Colorado COVID cases expected to keep declining into mid-October

COVID-19 infections should keep falling through mid-October, but a new wave of infections this fall is likely, a member of the state’s modeling team said Wednesday.

Hospitalizations for the virus decreased for a third week, though the drop was smaller than in the previous two weeks.

The Colorado Department of Public Health and Environment reported 236 people were receiving hospital care for COVID-19 as of Tuesday afternoon, down from 243 a week earlier. Since the other numbers point to continued declines, this week’s relatively flat hospitalization number likely just reflects day-to-day variation, said Bailey Fosdick, a member of the modeling team and associate professor of biostatistics and informatics at the Colorado School of Public Health.

“We’re not reading into the slightly slower decline in the past week,” she said.

The state health department recorded 7,227 cases in the week ending Sunday, a decrease of almost 1,300 from the previous week. The positivity rate remained roughly level, with an average of 7.6% of tests coming back positive over the past seven days. When the positivity rate falls, that’s a sign fewer cases are going undetected and that spread is decreasing.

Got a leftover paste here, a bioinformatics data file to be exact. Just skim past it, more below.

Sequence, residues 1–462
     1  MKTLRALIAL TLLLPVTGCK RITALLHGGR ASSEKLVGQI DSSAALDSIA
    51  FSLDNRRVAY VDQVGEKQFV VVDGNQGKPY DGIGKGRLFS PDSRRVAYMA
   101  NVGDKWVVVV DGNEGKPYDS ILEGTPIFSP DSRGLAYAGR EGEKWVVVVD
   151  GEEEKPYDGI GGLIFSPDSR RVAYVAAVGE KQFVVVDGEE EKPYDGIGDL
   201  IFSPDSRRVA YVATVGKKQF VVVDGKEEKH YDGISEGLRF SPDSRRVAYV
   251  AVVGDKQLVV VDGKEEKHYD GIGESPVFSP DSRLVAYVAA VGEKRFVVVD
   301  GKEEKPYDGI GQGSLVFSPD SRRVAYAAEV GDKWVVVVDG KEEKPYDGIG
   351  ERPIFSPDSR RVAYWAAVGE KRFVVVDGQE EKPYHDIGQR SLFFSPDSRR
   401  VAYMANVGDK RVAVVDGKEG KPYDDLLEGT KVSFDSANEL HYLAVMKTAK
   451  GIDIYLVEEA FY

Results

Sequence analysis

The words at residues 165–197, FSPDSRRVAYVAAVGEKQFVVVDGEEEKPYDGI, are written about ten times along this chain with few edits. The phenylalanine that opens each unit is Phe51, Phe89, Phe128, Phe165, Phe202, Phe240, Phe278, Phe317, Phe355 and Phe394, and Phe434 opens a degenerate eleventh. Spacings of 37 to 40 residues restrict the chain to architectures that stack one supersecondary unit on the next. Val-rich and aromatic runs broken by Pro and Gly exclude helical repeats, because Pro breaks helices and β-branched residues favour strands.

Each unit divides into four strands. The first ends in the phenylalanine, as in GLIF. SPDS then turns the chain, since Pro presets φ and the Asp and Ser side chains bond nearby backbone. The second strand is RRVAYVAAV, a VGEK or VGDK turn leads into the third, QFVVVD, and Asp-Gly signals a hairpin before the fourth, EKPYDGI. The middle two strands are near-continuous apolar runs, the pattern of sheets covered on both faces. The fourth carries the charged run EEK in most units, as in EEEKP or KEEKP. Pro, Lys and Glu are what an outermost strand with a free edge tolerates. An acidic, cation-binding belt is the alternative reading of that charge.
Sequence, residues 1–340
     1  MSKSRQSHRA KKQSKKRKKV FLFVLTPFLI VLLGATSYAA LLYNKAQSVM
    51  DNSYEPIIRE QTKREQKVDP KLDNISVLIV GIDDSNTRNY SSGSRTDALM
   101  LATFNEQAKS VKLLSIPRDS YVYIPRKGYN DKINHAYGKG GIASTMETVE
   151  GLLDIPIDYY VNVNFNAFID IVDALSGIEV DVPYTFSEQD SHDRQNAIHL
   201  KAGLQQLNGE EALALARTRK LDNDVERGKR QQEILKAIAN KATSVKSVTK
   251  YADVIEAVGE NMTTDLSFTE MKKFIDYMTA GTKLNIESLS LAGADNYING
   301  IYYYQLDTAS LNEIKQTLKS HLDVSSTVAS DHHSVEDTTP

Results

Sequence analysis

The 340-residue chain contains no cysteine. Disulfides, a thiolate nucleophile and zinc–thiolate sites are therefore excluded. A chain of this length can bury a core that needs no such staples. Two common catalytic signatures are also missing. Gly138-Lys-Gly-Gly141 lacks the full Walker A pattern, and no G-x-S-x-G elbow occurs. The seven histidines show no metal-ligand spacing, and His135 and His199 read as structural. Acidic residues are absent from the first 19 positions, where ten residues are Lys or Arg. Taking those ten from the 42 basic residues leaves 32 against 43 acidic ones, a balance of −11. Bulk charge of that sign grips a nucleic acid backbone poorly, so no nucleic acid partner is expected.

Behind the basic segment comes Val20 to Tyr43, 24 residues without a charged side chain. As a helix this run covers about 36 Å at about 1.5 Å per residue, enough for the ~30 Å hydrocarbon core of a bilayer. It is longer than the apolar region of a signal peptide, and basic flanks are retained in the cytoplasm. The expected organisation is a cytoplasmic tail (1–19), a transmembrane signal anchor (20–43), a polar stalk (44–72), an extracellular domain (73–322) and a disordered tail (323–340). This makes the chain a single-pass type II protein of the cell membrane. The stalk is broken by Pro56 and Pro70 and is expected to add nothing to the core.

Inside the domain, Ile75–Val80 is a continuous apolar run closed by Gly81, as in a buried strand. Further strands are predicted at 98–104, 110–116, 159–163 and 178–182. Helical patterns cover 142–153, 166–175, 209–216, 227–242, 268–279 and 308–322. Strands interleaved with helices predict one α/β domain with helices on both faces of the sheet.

Wastewater surveillance data continues to show that the virus’ prevalence is dropping, Fosdick said. But while the situation is improving, the virus is still relatively widespread, she said.

“It’s getting better, but it’s still not great,” she said. “There’s still a lot of COVID out there.”

The number of active outbreaks in the state dropped to 344 on Wednesday, from 376 a week earlier. Most of the decline came from older outbreaks ending in assisted living facilities and child care centers.

Federal health officials have warned a fall and winter wave looks likely, and have urged the public to get updated booster shots meant to protect against current variants when they become available. For now, cases and hospitalizations also are slowly decreasing nationwide, according to data from The New York Times.

At the moment, the numbers are dropping because the virus is running out of susceptible people to infect, Fosdick said. People’s immunity will wane over time, and how fast that happens will help determine how large a fall wave may get. Other factors that will influence the next few months include weather, what variants are circulating and whether people take precautions like wearing masks and staying home when they feel sick, she said.

“I think people need to remember all the tools we have in our toolbox,” she said. “Let’s be equipped and ready to handle this.”

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